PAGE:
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Article

Medicines Reconciliation in the Emergency Department: Important Prescribing Discrepancies between the Shared Medication Record and Patients’ Actual Use of Medication

1
The Capital Region Pharmacy, 2730 Herlev, Denmark
2
Emergency Department, Copenhagen University Hospital Amager and Hvidovre, 2650 Hvidovre, Denmark
3
Department of Clinical Research, Copenhagen University Hospital Amager and Hvidovre, 2650 Hvidovre, Denmark
4
Department of Clinical Medicine, Faculty of Health and Medical Sciences, University of Copenhagen, 2200 Copenhagen, Denmark
5
Department of Drug Design and Pharmacology, University of Copenhagen, 2100 Copenhagen, Denmark
*
Author to whom correspondence should be addressed.
These authors share first authorship.
Academic Editors: Niels Westergaard, Charlotte Vermehren and Ziyaur Rahman
Pharmaceuticals 2022, 15(2), 142; https://doi.org/10.3390/ph15020142
Received: 9 December 2021 / Revised: 13 January 2022 / Accepted: 21 January 2022 / Published: 26 January 2022
Medication reconciliation is crucial to prevent medication errors. In Denmark, primary and secondary care physicians can prescribe medication in the same electronic prescribing system known as the Shared Medication Record (SMR). However, the SMR is not always updated by physicians, which can lead to discrepancies between the SMR and patients’ actual use of medication. These discrepancies may compromise patient safety upon admission to the emergency department (ED). Here, we investigated (a) the occurrence of discrepancies, (b) factors associated with discrepancies, and (c) the percentage of patients accessible to a clinical pharmacist during pharmacy working hours. The study included all patients age ≥ 18 years who were admitted to the Hvidovre Hospital ED on three consecutive days in June 2020. The clinical pharmacists performed medicines reconciliation to identify prescribing discrepancies. In total, 100 patients (52% male; median age 66.5 years) were included. The patients had a median of 10 [IQR 7–13] medications listed in the SMR and a median of two [IQR 1–3.25] discrepancies. Factors associated with increased rate of prescribing discrepancies were age < 65 years, time since last update of the SMR ≥ 115 days, and patients’ self-dispensing their medications. Eighty-four percent of patients were available for medicines reconciliations during the normal working hours of the clinical pharmacist. In conclusion, we found that discrepancies between the SMR and patients’ actual medication use upon admission to the ED are frequent, and we identified several risk factors associated with the increased rate of discrepancies. View Full-Text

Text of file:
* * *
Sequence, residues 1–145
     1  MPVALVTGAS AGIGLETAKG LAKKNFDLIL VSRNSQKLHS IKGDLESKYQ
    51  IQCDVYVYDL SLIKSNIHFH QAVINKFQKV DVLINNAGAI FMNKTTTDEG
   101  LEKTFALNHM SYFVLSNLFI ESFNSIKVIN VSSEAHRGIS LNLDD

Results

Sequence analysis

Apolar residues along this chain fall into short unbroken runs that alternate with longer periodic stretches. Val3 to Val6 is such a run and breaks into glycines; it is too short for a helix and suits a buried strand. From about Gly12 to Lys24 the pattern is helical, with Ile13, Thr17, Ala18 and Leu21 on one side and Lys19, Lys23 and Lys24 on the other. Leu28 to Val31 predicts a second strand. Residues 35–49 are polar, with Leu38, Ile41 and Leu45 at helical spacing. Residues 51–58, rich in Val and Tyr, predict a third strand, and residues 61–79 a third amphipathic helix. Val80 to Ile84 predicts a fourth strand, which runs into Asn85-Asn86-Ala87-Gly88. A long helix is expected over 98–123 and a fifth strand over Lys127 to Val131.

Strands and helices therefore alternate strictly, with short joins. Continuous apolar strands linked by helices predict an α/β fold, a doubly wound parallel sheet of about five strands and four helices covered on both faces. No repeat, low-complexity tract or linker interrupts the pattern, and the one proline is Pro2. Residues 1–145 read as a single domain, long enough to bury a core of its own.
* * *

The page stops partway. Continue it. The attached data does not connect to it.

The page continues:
Keywords: shared medication record; medication reconciliation; drug information service; hospital pharmacy service; electronic prescribing; electronic medical record; clinical pharmacist; emergency department shared medication record; medication reconciliation; drug information service; hospital pharmacy service; electronic prescribing; electronic medical record; clinical pharmacist; emergency department
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MDPI and ACS Style

Andersen, T.S.; Gemmer, M.N.; Sejberg, H.R.C.; Jørgensen, L.M.; Kallemose, T.; Andersen, O.; Iversen, E.; Houlind, M.B. Medicines Reconciliation in the Emergency Department: Important Prescribing Discrepancies between the Shared Medication Record and Patients’ Actual Use of Medication. Pharmaceuticals 2022, 15, 142. https://doi.org/10.3390/ph15020142

AMA Style

Andersen TS, Gemmer MN, Sejberg HRC, Jørgensen LM, Kallemose T, Andersen O, Iversen E, Houlind MB. Medicines Reconciliation in the Emergency Department: Important Prescribing Discrepancies between the Shared Medication Record and Patients’ Actual Use of Medication. Pharmaceuticals. 2022; 15(2):142. https://doi.org/10.3390/ph15020142

Chicago/Turabian Style

Andersen, Tanja Stenholdt, Mia Nimb Gemmer, Hayley Rose Constance Sejberg, Lillian Mørch Jørgensen, Thomas Kallemose, Ove Andersen, Esben Iversen, and Morten Baltzer Houlind. 2022. "Medicines Reconciliation in the Emergency Department: Important Prescribing Discrepancies between the Shared Medication Record and Patients’ Actual Use of Medication" Pharmaceuticals 15, no. 2: 142. https://doi.org/10.3390/ph15020142

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